Racial Segregation May Impact Blood Pressure

Residents of highly segregated neighborhoods found to have higher blood pressure.

Living in a segregated neighborhood was linked to an increase in blood pressure among black adults, according to a new study published by JAMA Internal Medicine. However, when this population moved away from the segregated areas, a decrease in blood pressure was observed.

These findings provide further evidence that racial segregation may have harmful effects on the health of individuals, especially African Americans who have high rates of hypertension.

Residential segregation has been thought to be a cause of health disparities among races. This is the first study to assess whether it may affect hypertension.

“Our study suggests that the stress and the inadequate access to health-promoting resources associated with segregation may play a role in these increases in blood pressure,” said David Goff, MD, director of the Division of Cardiovascular Diseases of the National Heart, Lung, and Blood Institute (NHLBI). “While stress raises blood pressure, access to health-promoting resources, such as full service grocery stores, recreation centers, and health care clinics, is critical to keeping blood pressure at healthier levels.”

Included in the study were blood pressure readings for 2280 patients who participated in the CARDIA study. These patients were black and aged 18 to 30. Patients were initially screened in 1985 and 1986 and then multiple times over the next 25 years.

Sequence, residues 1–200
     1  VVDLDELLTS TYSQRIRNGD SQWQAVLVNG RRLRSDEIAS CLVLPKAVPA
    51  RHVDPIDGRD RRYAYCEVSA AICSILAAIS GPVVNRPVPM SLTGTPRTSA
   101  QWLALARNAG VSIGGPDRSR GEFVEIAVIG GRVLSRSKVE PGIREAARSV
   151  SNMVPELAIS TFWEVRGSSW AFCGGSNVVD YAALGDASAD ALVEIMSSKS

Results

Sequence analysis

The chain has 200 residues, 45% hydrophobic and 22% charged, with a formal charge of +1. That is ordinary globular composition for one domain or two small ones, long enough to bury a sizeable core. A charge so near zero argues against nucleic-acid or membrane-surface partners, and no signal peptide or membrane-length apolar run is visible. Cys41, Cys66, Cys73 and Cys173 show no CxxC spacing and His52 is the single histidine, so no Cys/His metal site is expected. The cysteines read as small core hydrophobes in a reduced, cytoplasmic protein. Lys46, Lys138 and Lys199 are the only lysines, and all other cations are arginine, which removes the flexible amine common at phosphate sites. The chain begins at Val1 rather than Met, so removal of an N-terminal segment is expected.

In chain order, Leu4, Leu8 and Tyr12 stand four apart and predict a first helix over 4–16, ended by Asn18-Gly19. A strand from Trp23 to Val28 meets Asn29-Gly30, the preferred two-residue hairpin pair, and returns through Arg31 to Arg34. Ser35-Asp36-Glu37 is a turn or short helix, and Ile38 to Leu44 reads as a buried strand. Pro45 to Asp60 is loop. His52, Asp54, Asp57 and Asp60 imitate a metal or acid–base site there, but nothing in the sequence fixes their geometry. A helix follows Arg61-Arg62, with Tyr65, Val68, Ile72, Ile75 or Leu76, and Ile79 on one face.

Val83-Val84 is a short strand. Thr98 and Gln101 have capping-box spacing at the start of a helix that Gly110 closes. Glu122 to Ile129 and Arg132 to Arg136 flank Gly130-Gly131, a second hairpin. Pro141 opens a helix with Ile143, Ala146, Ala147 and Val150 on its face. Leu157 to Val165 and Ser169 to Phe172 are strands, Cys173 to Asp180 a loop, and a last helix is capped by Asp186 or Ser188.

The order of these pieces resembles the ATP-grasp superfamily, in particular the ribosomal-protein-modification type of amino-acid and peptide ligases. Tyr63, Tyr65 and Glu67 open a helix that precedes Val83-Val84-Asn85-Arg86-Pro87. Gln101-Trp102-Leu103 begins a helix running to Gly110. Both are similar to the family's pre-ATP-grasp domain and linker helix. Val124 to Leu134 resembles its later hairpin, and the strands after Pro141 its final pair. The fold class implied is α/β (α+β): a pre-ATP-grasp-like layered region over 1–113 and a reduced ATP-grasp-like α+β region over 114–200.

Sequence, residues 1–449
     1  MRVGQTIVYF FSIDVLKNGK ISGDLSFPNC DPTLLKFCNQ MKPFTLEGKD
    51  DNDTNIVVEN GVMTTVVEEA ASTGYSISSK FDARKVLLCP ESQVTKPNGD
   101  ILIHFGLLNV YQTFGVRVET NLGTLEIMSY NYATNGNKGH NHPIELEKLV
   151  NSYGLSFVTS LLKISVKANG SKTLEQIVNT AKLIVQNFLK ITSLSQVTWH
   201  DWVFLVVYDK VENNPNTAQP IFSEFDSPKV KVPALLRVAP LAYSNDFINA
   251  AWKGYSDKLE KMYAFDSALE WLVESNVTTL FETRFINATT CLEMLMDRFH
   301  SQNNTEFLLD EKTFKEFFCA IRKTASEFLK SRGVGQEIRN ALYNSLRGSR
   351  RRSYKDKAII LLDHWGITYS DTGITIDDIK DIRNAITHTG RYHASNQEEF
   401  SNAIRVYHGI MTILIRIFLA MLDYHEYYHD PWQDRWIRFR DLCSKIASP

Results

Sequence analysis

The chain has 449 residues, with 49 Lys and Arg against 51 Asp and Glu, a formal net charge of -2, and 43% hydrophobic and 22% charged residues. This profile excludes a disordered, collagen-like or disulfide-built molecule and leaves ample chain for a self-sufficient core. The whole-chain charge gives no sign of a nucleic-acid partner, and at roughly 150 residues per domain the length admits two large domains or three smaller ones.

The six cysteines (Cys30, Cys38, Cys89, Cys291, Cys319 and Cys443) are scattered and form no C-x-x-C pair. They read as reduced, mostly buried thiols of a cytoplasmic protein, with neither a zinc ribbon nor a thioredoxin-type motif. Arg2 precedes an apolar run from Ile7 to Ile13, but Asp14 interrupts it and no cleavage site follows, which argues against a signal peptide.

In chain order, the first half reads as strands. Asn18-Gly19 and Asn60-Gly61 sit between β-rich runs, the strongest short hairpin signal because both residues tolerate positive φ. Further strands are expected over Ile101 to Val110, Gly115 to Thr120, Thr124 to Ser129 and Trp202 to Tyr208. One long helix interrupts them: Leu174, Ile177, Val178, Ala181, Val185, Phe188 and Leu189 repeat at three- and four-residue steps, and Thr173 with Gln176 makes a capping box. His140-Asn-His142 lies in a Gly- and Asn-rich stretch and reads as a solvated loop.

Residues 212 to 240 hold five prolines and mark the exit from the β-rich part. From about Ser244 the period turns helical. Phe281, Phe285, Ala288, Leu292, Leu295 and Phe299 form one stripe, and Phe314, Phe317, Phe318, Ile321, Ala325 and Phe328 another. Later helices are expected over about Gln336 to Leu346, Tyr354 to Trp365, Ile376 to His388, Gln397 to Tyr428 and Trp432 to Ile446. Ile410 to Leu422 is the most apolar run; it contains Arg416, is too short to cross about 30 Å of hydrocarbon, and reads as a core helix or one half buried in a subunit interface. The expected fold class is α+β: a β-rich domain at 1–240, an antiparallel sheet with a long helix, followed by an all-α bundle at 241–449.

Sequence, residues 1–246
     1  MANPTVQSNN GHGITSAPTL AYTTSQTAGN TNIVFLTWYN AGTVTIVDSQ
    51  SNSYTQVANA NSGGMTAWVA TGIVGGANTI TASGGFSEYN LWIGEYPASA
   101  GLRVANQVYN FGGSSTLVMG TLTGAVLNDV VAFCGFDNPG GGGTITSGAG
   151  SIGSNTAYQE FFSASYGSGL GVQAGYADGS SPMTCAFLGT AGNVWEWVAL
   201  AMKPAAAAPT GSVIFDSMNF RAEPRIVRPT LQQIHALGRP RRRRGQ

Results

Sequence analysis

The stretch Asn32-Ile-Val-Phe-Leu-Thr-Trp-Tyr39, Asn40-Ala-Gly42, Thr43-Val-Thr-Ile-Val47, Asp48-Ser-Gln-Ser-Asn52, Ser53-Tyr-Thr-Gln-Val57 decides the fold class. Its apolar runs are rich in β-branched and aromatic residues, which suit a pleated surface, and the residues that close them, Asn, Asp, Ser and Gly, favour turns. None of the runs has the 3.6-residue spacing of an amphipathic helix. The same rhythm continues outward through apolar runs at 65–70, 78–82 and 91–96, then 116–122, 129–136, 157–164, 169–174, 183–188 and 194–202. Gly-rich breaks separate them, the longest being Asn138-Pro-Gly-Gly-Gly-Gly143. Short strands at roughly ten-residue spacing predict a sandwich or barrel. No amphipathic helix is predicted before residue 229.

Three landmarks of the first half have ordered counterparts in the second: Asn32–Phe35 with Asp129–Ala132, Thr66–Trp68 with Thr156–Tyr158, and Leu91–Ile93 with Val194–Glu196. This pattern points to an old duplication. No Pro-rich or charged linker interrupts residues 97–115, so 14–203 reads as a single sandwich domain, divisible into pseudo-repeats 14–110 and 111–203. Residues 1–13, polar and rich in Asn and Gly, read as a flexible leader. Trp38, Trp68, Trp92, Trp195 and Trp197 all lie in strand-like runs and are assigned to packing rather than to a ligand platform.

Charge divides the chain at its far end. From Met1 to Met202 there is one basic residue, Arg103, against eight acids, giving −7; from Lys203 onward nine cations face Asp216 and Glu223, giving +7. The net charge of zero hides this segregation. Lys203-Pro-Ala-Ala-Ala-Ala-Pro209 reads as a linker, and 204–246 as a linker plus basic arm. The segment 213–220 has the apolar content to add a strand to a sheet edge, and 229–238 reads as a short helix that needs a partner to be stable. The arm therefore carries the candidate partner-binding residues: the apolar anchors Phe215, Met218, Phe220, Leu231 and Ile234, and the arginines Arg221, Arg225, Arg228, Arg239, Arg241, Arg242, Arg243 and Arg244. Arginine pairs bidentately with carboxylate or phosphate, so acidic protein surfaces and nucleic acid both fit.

The authors categorized neighborhood segregation as high, medium, or low, based on the percentage of black residents in a neighborhood compared with surrounding areas, according to the study.

The investigators discovered that when neighborhoods were more segregated, patients experienced an increase in systolic blood pressure. They also found that that a reduction in segregation was linked to a decrease in blood pressure.

Patients who initially lived in segregated neighborhoods who then moved to a less segregated area saw an average drop in systolic blood pressure of 3 to 5-mm Hg, according to the study.

“This is a powerful effect,” said lead author Kiarri Kershaw, PhD, MPH. “In terms of impact, just 1-mm Hg of reduction of the systolic blood pressure at the population level could result in meaningful reductions in heart attacks, strokes and heart failure.”

The results remained accurate even after accounting for martial status, body mass index, smoking history, physical activity, and socio-economic status of the community, according to the study.

“Longitudinal, long-term studies like CARDIA make this research possible and are critical to our ability to shine a light on the root causes of chronic diseases, such as heart disease,” Dr Goff said. “Only by understanding these root causes can we effectively promote health and health equity at the societal level.”

The authors speculated that improving access to resources for those in segregated neighborhoods and providing opportunities for individuals to move to areas with optimal resources could play a role in reducing racial health disparities, the study concluded.